The Stroke and Neurovascular Center of Central California

Carotid Artery Disease

What is Carotid Artery Disease?

Carotid artery disease is a disease in which fatty deposits, called plaque, accumulate on the inner walls of the carotid arteries, typically where it branches in the neck into its two major divisions. The narrowing of the arteries due to the plaque buildup reduces blood flow to the brain and increases the risk of stroke. This can occur anywhere in the body’s blood vessels, but most commonly occurs in the main arteries of the neck going to the brain, called the carotid arteries. If plaque builds up in the arteries, the condition is called atherosclerosis. Carotid artery disease is usually caused by atherosclerosis but it can also be caused by dissection. Carotid artery disease can eventually cause the following types of obstruction:

  • Cerebral thrombosis refers to a thrombus (blood clot) that develops at the clogged part of the vessel, blocking an artery to the brain and stopping blood flow.
  • Cerebral embolism occurs when a piece of plaque or thrombus travels from its original site and blocks an artery downstream. The material that has moved is called an embolus. How much of the brain is damaged or affected depends on exactly how far downstream in the artery the blockage occurs.
  • Arteries can sometimes tear or split into layers with bleeding in-between each layer due to trauma, simple manipulation of the neck, or spontaneous occurrence. Known as dissection, this process can block blood flow to the brain, lead to the formation of blood clots, and eventually result in a stroke. Dissections are often the main cause of stroke in individuals under 40 years of age.
Causes and Risk Factors

Healthy carotid arteries are smooth and flexible and provide a clear pathway of blood flow. However, factors that stress your arteries and increase the risk of injury, buildup of plaques, and disease include the following:

  • Aging – with age arteries become less elastic and more prone to injury
  • High blood pressure is an important risk factor for carotid artery disease. Excess pressure on the walls of your arteries can weaken them and leave them more vulnerable to damage.
  • Smoking causes an increase in heart rate and blood pressure, due to the nicotine, which also can irritate the inner lining of arteries.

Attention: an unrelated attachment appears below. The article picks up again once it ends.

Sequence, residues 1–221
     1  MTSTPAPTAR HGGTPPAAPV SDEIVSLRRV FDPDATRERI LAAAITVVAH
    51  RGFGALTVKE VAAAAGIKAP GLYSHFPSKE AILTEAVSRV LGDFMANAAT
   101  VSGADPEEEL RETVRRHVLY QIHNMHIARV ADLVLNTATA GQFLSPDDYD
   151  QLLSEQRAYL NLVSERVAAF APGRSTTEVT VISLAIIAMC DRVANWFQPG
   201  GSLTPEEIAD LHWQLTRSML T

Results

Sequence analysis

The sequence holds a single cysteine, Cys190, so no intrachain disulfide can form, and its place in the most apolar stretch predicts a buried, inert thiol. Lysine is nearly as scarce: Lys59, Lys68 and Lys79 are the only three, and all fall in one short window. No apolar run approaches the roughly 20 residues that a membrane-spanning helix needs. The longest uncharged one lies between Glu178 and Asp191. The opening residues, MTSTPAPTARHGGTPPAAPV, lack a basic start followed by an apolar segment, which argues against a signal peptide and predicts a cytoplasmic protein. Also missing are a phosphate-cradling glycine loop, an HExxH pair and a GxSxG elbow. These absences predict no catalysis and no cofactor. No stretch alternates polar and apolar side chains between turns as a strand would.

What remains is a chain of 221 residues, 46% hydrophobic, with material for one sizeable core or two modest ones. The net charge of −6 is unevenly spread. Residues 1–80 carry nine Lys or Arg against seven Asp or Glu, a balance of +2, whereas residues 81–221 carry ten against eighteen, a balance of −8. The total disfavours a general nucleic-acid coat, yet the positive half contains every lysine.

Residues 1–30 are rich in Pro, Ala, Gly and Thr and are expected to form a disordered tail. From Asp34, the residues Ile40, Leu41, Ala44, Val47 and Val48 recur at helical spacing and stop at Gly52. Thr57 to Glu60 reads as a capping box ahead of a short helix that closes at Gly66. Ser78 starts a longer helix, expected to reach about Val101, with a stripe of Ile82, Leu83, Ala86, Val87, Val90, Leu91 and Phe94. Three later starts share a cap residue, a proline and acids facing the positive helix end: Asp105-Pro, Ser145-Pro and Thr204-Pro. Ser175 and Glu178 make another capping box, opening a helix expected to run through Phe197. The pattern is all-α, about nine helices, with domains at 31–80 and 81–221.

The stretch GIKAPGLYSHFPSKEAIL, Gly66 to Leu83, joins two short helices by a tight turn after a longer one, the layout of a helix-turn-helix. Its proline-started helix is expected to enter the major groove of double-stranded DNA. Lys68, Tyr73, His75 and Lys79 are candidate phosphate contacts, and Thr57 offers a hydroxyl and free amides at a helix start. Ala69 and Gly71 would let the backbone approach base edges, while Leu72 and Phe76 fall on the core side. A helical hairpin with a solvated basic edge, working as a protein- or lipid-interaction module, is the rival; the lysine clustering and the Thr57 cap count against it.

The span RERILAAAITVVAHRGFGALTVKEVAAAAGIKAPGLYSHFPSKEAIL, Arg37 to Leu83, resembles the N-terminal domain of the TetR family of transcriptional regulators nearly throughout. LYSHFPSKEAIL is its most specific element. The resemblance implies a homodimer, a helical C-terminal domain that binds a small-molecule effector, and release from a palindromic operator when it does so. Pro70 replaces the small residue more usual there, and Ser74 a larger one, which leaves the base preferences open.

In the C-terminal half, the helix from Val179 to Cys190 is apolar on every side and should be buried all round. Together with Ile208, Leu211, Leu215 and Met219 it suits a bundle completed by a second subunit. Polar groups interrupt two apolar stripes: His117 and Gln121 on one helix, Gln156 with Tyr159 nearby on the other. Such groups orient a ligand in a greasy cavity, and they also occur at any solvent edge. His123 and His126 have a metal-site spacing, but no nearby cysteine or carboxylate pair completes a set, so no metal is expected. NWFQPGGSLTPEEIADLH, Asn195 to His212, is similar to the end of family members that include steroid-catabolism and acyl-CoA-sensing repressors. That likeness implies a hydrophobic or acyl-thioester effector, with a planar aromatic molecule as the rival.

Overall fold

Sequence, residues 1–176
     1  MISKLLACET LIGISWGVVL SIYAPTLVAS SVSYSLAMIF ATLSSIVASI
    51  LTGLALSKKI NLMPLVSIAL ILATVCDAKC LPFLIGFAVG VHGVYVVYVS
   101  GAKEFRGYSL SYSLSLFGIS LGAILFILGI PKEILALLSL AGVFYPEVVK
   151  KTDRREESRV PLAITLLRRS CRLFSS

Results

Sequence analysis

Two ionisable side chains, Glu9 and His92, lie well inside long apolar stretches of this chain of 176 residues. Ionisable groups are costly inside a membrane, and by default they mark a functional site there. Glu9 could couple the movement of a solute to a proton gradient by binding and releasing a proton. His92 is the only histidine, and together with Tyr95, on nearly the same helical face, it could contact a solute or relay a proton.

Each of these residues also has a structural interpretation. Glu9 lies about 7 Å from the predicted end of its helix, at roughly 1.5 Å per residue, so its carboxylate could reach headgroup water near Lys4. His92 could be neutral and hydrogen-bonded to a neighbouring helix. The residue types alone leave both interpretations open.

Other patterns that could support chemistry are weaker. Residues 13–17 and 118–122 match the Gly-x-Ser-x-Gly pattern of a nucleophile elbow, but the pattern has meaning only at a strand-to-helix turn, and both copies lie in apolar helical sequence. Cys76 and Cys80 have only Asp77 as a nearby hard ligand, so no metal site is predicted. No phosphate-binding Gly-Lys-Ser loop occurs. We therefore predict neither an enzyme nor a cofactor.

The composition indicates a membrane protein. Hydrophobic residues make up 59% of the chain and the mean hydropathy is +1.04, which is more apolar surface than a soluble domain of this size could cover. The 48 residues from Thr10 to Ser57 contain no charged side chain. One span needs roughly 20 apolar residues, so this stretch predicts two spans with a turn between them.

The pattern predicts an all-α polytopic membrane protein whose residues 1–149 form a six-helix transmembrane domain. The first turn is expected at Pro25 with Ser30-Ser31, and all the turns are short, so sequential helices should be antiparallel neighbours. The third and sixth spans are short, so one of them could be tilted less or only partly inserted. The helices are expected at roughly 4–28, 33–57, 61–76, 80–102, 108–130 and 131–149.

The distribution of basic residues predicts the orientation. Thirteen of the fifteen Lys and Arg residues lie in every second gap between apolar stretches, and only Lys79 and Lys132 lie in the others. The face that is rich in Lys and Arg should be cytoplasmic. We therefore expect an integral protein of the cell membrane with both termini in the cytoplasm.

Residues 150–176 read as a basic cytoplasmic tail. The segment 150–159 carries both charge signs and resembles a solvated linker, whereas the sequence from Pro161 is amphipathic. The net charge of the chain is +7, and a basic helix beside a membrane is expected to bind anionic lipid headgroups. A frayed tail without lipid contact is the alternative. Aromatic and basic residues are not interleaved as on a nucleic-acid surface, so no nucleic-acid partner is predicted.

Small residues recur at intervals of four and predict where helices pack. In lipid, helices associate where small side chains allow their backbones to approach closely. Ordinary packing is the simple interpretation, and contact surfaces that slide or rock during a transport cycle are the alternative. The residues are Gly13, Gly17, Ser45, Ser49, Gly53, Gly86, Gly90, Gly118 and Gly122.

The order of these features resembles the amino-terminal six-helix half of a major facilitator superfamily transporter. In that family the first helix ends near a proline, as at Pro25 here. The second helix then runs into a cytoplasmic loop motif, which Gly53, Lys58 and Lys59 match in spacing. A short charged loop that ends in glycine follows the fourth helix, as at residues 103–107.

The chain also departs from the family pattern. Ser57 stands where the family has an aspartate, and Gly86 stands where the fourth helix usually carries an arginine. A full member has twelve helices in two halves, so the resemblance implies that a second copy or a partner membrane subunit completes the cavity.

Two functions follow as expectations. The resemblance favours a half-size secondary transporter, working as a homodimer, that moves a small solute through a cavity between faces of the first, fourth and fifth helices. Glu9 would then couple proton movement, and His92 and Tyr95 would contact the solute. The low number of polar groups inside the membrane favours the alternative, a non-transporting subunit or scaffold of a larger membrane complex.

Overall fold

• Abnormal blood-fat levels. High levels of “bad” cholesterol and triglycerides encourage the accumulation of plaques.
  • Diabetes affects not only the ability to handle glucose appropriately but also the ability to process fats efficiently, placing people with diabetes at a greater risk of high blood pressure and atherosclerosis.
  • Obesity. Excess weight increases the chances of high blood pressure, atherosclerosis and diabetes.
  • Heredity. Having a family history of atherosclerosis or coronary artery disease increases your risk of developing these conditions as well.
  • Physical inactivity contributes to a number of conditions including high blood pressure, diabetes and obesity, thereby putting you at higher risk for atherosclerosis.

These risk factors tend to occur together, creating an even greater risk for carotid artery disease. For more in depth causes and risk factors please see stroke section.


Carotid artery disease doesn’t produce any warning signs or symptoms in the early stages. Most patients are unaware that they have carotid artery disease until it’s serious enough to deprive the brain of blood. At this point the patient develops signs and symptoms of a stroke or TIA (LINK TO STROKE section). These symptoms may include any of the following:

  • Sudden numbness or weakness involving your face, arm or leg, typically on one side of your body.
  • Inability to move one or more of your limbs
  • Slurred or garbled speech or difficulty understanding others
  • Sudden trouble seeing in one or both eyes
  • Dizziness or loss of balance
  • A sudden, severe headache with no known cause

If you experience any of these symptoms, you may be experiencing TIAs or a stroke. Seek immediate medical attention even if the symptoms only last only a short while. Make sure your family and friends know the signs and symptoms for stroke and understand that it is critical to act fast in the event of a stroke. See Stroke section for a more complete list of TIA and stroke symptoms.

If you have risk factors for carotid artery disease it is a good idea to discuss this with your primary care physician. They can order the correct tests to evaluate the health of your arteries and may recommend treatments and lifestyle changes to reduce your risks of stroke. If anything out of the ordinary shows up on your scan, you will then be referred to our office for a consult. If you are experiencing any symptoms, be sure to write them down, along with the date and time and how long these symptoms lasted. This will help the doctor determine how urgent your condition is.